Integrating LDAP and Workflow for Common Account Actions

All day this past Friday I was trying to get either the Active Directory components or the LDAP generated components to return some usable information on whether an account was locked out.  The only results I was able to get back was what I can only guess is some sort of riddle.


So, turns out that the solution for converting that into usable data was going to require way more effort than I was willing to give it, so I figured I may as well use my time for something more useful, like starting to learn C#.

The result of 2 days’ worth of effort finally paid off, and I’m able to pull a readable, usable value for an account’s lockout status.  I’m also able to set a password and unlock that account pretty easily.  Here’s some info on how to do it.

The Code (Script) Component

I’ve always shied away from this component, as I’m not and have never been a coder.  By the end of the day on Friday, however, it was starting to feel like I may not be able to find another way to accomplish the directive “find out if an account is locked in AD”.  So here we go!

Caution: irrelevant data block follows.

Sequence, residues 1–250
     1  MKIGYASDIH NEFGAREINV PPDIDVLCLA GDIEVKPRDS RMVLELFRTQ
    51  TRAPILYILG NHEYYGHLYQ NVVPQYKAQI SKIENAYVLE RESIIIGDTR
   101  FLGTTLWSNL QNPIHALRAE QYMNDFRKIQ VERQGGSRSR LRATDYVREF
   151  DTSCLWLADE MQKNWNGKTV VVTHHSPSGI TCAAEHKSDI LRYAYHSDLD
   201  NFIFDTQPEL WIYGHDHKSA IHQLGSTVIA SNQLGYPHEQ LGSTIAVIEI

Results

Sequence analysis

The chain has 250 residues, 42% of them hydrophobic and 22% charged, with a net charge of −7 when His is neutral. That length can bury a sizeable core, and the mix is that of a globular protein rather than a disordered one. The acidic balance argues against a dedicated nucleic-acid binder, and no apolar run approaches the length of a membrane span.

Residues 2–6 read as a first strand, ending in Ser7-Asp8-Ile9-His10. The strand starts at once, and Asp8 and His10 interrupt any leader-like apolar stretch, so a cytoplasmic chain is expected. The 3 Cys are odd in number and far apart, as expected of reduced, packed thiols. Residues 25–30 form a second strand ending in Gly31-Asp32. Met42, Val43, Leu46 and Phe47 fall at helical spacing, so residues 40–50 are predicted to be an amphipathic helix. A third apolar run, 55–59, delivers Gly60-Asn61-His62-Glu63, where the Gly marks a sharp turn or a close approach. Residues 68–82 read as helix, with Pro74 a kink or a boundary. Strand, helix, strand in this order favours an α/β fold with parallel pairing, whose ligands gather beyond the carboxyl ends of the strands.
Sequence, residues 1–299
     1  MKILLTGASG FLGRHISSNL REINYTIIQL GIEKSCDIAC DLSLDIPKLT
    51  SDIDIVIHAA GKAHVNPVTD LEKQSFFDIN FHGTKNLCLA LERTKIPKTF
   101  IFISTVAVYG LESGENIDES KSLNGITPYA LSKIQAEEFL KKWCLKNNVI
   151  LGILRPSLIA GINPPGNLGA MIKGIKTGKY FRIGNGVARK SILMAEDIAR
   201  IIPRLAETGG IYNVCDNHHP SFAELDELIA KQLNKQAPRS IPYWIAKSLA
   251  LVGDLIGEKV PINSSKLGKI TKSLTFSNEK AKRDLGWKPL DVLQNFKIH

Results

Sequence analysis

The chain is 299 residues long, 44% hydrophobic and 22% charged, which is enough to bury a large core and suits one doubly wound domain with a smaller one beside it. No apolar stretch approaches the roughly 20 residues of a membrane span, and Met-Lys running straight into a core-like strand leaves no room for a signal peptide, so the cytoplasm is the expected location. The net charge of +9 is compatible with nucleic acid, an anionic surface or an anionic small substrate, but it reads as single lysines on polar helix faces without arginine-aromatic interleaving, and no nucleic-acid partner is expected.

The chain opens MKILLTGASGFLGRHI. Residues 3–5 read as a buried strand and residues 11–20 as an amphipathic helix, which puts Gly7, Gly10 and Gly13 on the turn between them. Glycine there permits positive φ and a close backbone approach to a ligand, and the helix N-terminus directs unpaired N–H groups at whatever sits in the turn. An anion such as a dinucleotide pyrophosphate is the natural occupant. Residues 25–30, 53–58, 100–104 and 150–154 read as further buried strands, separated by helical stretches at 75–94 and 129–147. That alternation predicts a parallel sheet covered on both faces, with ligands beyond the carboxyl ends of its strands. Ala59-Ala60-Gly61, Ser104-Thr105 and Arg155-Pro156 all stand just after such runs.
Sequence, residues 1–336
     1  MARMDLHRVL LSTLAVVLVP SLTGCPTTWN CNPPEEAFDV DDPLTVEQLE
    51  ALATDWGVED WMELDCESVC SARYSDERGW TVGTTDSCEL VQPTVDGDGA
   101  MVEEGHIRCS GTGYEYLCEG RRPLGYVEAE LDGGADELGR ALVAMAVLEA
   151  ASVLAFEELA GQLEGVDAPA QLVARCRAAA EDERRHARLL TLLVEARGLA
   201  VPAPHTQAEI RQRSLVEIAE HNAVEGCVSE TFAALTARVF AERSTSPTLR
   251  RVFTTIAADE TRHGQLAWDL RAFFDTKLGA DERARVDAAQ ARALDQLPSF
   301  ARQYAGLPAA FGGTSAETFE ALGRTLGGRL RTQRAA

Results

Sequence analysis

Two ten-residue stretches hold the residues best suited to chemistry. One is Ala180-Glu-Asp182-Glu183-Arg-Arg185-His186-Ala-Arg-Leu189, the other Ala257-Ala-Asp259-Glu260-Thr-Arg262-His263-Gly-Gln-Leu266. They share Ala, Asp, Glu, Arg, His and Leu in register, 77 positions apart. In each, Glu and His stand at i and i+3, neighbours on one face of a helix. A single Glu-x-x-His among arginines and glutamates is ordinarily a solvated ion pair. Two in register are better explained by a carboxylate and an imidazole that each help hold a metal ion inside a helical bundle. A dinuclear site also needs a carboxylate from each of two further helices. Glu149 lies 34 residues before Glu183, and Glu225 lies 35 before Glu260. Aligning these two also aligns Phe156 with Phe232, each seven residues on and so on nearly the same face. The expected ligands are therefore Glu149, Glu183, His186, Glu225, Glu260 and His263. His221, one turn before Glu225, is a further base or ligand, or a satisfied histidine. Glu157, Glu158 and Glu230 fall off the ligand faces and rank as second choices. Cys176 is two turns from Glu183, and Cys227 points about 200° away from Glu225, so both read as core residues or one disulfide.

Search the toolbox for “code” and you’ll see some results in the “Unloaded Libraries” section.  Expand that folder, then expand the Scripting directory, and simply click on one of the Code components there to load in the library.

Pull the “Code (Script) Component” out onto the Workflow canvas.

For my test, I gave the component a simple Text input and a Text output.



Then, on the third page of the script wizard, select C# from the dropdown at the top, and punch in some code.  Note also that I’ve added the System.DirectorySevices.AccountManagement namespace to the top list.  Edit out whatever actions you don’t intend to apply to the account, and leave in the ones you do.  If you intend to perform an action against an account and you remove the “return” line, go back to page 2 and remove the output variable as well.

Notice that the “Input parameters” field shows the input variable we configured during step 1. This input variable is referenced without quotes on the “UserPrincipal” line.

Code for copy/paste:

PrincipalContext ctx = new PrincipalContext(ContextType.Domain,
UserPrincipal user = UserPrincipal.FindByIdentity(ctx, UnlockUser);

user.SetPassword("Password1234$!@"); //this'll set a password
user.UnlockAccount(); //this will unlock a user account
bool isLockedOut = user.IsAccountLockedOut(); //account lock status
return isLockedOut.ToString(); //write the status to the result as a string

Finally, on step 4, we can test the code with an input value.


Downstream from this component, we can see any output values that were configured in the code component.


It should be noted that I just started trying to figure out C# last Friday, so there’s no error handling going on in the code I’m using.  I imagine that as my knowledge of the language improves, I’ll return to this post to update the scripts.  As such, however, the code does seem to work.

Featured Components

Code (Script) Component

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